With globalization and the efforts in reducing the digital gap between North and South, Africans were suddenly able to afford smartphones with access to social media albeit with higher price tags than rich countries. Arafat's inexhaustible genius transcended cultures and borders to reach a worldwide audience, along with his demons (the Bad). Day in day out, social media became the medium of choice to communicate with his fans before whom the troubled soul vented his frustrations. Yes, DJ Arafat was a troubled soul in an ignorant society, still refusing to confront mental illness overtly for the benefit of thousands of its citizens crippled by the illness.

The DJ had millions of fans but he was not a role model: among his myriad of transgressions, he physically assaulted a female love interest in a live broadcast, continually filmed his quarrels with his mother, disgraced his rivals in video logs until footages appeared of him assaulting a young fan. Then, the prosecutor's office issued an arrest warrant. The DJ fled to France ironically claiming he was untouchable because he had connections in the highest spheres of the nation. Many talked about a forced exile abroad, but Arafat came back to Ivory Coast. As he bragged, the Law lost. Once again he was at it: brawls in night clubs and DUI traffic accidents to list a few. 
In a twist of fate, censorship came knocking. The bad boy of "Coupé Decalé" no longer had access to RTI (National TV) where a host recently confirmed a ban dating back to 2013), banned on cable TV, no access to billboards and decent concert venues for his last tour .

Just like millions of young Africans, he was frustrated by the lack of opportunities. He refused to die in the mediterranean sea. Instead, he broke down doors to achieve his dreams. In the end, society tried to rob him of his laurels so the indomitable fighter that he was took to the fast lane. The love for speed and adrenaline to drown the pressure of life finally got the better of him that evening, after a disappointing concert during which the artist was denied an adequate sound system. According to his long-time friend "Oscar le Motard" (still himself recovering from a motorcycle accident), he refused to wear his helmet during the tragic daredevil parade (Irrational).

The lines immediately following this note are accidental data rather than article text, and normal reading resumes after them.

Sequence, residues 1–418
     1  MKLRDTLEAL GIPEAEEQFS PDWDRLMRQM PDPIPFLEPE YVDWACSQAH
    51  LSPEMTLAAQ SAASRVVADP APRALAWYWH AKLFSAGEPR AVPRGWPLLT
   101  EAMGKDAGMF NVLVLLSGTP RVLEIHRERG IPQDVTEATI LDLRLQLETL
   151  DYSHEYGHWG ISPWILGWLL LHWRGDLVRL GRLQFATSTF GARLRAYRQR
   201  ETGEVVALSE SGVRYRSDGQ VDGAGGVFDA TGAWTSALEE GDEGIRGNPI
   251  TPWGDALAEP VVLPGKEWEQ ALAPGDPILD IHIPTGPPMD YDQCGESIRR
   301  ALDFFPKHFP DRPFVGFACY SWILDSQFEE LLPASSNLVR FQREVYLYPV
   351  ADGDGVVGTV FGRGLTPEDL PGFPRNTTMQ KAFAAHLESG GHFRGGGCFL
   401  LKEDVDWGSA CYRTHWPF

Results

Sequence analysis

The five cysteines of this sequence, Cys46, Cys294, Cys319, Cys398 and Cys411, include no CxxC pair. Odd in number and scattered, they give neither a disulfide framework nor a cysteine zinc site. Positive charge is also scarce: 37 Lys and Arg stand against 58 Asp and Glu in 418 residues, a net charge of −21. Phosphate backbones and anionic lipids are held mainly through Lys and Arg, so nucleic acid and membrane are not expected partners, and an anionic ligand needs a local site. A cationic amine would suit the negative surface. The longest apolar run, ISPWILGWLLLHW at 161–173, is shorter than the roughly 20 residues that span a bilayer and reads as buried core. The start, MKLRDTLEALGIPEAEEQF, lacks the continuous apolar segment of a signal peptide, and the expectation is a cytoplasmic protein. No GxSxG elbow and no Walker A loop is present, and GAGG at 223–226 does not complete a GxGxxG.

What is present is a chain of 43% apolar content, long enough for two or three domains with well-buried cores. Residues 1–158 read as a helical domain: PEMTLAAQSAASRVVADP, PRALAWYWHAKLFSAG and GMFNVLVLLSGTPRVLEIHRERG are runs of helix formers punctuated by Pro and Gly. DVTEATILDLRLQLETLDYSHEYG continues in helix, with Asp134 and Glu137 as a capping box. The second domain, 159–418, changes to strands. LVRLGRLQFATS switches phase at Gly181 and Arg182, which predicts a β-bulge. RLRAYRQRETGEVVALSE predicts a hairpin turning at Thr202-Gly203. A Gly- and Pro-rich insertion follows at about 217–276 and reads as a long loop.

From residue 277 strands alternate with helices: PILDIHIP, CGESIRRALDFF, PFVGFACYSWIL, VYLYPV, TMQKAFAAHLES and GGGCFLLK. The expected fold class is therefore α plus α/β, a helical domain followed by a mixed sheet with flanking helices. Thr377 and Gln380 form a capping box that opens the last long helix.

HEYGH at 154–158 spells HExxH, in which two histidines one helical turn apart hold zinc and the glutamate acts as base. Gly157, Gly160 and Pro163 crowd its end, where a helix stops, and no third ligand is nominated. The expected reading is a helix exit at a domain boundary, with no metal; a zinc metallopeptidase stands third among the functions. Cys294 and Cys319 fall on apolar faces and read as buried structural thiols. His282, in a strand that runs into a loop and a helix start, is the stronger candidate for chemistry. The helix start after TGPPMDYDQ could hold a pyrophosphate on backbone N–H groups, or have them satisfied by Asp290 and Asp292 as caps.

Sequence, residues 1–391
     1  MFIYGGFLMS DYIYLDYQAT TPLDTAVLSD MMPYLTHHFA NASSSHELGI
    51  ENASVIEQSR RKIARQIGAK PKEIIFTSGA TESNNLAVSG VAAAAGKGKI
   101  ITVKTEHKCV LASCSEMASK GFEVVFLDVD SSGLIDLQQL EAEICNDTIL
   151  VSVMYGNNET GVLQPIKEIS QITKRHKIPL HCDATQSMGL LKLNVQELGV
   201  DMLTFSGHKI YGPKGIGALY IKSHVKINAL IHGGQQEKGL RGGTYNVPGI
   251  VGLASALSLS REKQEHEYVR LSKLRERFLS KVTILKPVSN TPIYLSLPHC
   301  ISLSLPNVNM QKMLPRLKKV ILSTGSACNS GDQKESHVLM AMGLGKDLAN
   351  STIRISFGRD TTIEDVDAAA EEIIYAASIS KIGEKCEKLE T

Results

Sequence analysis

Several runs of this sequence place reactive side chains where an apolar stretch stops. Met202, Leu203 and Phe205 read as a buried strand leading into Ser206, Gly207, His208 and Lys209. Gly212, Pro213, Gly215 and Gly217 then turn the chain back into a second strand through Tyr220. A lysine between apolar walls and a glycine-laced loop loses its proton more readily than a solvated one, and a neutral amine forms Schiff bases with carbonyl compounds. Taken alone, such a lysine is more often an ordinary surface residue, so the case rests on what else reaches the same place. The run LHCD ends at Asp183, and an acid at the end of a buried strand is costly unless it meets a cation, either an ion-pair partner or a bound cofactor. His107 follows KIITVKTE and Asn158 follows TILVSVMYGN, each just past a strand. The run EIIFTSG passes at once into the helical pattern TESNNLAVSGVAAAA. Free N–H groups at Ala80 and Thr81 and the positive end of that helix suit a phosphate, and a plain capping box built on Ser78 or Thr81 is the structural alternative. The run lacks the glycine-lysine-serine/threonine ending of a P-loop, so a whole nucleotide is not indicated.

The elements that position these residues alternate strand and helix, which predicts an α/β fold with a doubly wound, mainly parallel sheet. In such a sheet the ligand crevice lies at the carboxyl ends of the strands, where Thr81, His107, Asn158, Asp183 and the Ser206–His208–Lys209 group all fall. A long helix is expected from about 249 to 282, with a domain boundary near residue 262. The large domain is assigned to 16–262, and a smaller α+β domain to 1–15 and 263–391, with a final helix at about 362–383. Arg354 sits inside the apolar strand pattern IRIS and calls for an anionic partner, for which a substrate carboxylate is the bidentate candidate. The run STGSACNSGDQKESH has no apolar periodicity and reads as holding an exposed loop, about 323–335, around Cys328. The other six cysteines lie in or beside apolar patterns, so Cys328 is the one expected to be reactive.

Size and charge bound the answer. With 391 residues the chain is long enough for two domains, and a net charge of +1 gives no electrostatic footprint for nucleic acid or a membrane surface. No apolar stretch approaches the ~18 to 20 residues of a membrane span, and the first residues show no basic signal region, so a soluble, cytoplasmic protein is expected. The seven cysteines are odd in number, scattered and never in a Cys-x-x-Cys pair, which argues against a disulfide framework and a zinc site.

He broke the dreams of millions of fans worldwide. He broke the dreams of his young children. He broke the dreams of his partner Carmen Sama on that unlit dual carriageway in a violent collision with a vehicle driver who didn't deserve a license.
As fate would have wanted it, in his last promotional appearance on Radio jam, the only radio station he had access to, he raised awareness about the use of helmets for motorcycles riders. 

Was Arafat depressed? why did he seem untouchable by the Law? Who censored him in a country where authorities seemed not so keen to punish him for his transgressions. Since his death, the outpouring of love from all corners of Ivorian society is something we have never witnessed. All censorship has been lifted. Arafat is loved…Again!

Elvis Presley’s fans are flocking Graceland decades after his death, hoping to see him alive and well.

Tupac Shakur’s  hard cores fans think he is in South America.

Michael Jackson’s unconditionals are adamant. The man in the mirror will one day emerge from Nerverland.

In  Abidjan “Les chinois” believe that “Papa na Buzz” will finally headline at the National stadium, the venue he was banned from .

Ange Didier Houon, a.k.a Dj Arafat will be laid to rest in Williamsville on August 31, 2019.

Published August 27,2019

By Claude B. Djaquis



Boulevard of broken dreams.

Dj Arafat in concert. The doomed motorbike. Fans react to the news of the death of their icon.